Here I will cover the shrink of ASM diskgroup in Exadata environment running VM’s. The process here is the opposite of what I wrote in the previous post, but have a tricky part that demands attention to avoid errors. The same points that you checked for extending are valid now: number the cells, disks per cell, ASM mirroring, and the VM that you want to change continue to be important, but we have more now. Besides that, the post shows how to verify if you have something in the ASM internal extent map that can block the shrink and “fix” this.
A quick article about a maintenance task for Oracle Exadata when you are using OVM and you divided your storage cell disks for every VM. Here I will show you how to extend your Grid Disks to add more space in your ASM diskgroup.
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Recently, in March, I made the reimage from an X5-2 HA ODA and saw a strange behavior during the diskgroup creation and couldn’t reproduce (because involve reimaging again). Basically, the FLASH diskgroup was not created.
But in last May I reimaged another ODA using the same patch/imageversion (220.127.116.11 – Patch 27604623) and was possible to verify again. In both cases, I created the appliance using the CLI “odacli create-appliance” using JSON file because the network uses VLAN (what it is impossible to create using the web interface), and both appliances are identical (X5-2 HA with SSD for RECO and FLASH).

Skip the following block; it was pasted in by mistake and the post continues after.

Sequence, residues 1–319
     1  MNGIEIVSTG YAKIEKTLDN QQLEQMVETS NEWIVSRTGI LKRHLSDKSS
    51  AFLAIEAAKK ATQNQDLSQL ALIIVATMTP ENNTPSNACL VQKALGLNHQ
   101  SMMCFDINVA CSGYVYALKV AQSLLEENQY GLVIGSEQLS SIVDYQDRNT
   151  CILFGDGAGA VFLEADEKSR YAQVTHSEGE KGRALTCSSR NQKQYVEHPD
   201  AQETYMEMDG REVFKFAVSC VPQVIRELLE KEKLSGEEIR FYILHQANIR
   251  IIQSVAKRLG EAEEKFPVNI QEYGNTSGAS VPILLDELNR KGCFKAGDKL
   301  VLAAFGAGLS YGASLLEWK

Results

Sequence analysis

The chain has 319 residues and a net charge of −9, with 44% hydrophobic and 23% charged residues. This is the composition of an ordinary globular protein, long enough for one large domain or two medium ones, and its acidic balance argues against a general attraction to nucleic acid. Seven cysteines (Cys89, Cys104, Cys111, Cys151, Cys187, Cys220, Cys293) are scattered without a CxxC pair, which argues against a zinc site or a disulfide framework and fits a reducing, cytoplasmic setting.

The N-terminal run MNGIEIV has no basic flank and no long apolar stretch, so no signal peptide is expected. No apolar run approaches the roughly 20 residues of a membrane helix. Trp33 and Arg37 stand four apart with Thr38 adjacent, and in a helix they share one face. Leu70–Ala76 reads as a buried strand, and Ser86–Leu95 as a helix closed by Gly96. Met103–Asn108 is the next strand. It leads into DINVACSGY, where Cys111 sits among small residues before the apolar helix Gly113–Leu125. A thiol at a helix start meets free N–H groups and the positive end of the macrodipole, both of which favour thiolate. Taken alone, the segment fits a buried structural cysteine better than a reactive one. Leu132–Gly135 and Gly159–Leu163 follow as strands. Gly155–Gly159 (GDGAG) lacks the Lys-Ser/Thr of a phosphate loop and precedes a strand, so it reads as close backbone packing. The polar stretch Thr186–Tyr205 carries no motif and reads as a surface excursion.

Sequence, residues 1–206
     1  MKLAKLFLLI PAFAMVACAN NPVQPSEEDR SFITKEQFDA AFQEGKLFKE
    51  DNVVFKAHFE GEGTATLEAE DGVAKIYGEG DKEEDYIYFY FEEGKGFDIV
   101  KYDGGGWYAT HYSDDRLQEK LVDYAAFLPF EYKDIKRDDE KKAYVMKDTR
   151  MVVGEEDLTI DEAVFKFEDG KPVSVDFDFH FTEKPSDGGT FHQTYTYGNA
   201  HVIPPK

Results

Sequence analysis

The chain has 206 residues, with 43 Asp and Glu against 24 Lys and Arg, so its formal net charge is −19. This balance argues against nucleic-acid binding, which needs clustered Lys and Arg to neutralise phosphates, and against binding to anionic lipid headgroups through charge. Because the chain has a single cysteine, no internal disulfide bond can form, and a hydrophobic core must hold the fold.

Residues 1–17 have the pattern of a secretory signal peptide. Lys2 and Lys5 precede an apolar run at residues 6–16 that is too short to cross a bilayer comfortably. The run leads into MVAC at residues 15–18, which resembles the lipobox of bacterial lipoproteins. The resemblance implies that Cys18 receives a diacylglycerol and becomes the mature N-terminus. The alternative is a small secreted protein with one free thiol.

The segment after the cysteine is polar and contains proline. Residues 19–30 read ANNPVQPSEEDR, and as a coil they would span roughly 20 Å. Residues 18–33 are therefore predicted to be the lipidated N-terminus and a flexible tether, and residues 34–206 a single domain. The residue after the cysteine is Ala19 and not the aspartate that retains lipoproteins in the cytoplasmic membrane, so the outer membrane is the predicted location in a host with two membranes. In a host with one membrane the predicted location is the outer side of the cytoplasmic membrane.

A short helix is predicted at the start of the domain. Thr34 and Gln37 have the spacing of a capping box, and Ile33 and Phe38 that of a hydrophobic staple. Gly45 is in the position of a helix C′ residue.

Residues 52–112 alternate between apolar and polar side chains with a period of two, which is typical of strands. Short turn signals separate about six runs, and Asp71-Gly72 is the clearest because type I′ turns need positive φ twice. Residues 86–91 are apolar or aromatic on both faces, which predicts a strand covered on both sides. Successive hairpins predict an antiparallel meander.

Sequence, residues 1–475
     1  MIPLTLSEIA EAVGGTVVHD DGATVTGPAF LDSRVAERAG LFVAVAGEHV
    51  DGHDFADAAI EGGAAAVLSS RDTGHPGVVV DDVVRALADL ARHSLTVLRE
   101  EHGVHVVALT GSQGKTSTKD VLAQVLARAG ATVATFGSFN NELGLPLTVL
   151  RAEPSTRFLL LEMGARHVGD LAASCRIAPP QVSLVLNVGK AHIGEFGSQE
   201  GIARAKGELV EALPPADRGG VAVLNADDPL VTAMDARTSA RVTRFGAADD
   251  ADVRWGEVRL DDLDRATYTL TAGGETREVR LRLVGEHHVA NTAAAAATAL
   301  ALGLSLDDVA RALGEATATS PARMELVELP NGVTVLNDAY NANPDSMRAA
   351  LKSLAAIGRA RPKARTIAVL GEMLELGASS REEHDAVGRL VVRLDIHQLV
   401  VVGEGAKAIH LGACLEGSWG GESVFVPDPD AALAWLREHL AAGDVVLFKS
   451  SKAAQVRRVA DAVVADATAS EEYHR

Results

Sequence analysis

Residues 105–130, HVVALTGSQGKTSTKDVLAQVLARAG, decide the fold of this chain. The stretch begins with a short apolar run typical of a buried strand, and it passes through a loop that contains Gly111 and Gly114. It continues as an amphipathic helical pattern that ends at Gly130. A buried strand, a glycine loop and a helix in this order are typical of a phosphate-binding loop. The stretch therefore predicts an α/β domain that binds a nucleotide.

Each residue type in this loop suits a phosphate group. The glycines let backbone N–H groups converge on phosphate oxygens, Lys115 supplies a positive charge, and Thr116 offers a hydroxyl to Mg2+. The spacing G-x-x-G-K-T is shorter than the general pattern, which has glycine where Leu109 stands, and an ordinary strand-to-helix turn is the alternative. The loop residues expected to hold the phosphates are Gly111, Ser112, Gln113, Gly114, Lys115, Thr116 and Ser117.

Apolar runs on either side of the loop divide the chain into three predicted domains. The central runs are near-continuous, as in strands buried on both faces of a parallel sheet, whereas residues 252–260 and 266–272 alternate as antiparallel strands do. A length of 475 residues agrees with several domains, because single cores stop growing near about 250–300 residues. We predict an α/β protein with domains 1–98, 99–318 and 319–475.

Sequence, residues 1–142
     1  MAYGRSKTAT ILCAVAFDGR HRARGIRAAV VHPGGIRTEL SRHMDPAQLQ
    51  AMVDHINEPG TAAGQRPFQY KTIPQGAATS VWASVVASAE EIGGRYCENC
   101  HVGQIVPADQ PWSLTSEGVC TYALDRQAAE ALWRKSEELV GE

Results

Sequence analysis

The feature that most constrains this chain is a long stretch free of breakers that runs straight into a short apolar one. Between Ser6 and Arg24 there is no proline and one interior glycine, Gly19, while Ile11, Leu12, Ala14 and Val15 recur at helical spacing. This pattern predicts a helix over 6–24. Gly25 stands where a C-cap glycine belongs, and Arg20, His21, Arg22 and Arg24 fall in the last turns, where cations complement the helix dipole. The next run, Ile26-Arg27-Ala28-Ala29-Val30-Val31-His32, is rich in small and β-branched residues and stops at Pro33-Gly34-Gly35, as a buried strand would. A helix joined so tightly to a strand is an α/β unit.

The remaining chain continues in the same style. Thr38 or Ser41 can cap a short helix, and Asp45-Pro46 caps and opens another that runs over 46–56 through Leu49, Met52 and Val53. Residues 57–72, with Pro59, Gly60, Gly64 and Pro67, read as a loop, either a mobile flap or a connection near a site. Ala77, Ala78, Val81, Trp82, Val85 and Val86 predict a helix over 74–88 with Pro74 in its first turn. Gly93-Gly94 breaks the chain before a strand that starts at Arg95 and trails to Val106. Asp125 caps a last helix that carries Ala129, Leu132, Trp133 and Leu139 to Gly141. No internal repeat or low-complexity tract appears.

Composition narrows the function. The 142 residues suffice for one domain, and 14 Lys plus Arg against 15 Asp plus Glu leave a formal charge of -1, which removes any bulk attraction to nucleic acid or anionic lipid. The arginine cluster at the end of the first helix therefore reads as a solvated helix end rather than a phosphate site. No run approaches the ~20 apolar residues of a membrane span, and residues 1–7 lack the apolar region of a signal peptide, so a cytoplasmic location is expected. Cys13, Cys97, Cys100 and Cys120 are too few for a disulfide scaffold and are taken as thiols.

To reimage, I followed the steps in the docs for this version and used the ISO to do the baremetal procedure. If you look in the docs about the options for storage (check here) you can see that there is no single reference to use FLASH diskgroup (or that you need to do that). Checking in the readme/reference JSON files that exist in the folder “/opt/oracle/dcs/sample” under file “sample-oda-ha-json-readme.txt”:
As you know, for ODA, you have two options for storage: ACFS or ASM. If you choose ACFS, you can create all versions for databases, from 11g to 18c (until this moment). But if you choose ASM, the 11g will not be compatible.
So, ASM or ACFS? If you choose ACFS, the diskgroup where ACFS runs will be sliced and you have one mount point for each database. If you have, as an example, one system with more than 30 databases, can be complicated to manage all the ACFS mount points. So, ASM it simple and easier solution to sustain. Besides the fact that it is more homogeneous with other database environments (Exadata, RAC’s …etc).
If you choose ASM you can’t use 11g versions or avoid the ACFS mount points for all databases, but you can do a little simple approach to use 11g databases and still use ASM for others. Took one example where just 3 or 4 databases will run over 11g version and all others 30 databases in the environment will be in 12/18. To achieve that, the option, in this case, is using a “manual” ACFS mount point, I will explain.
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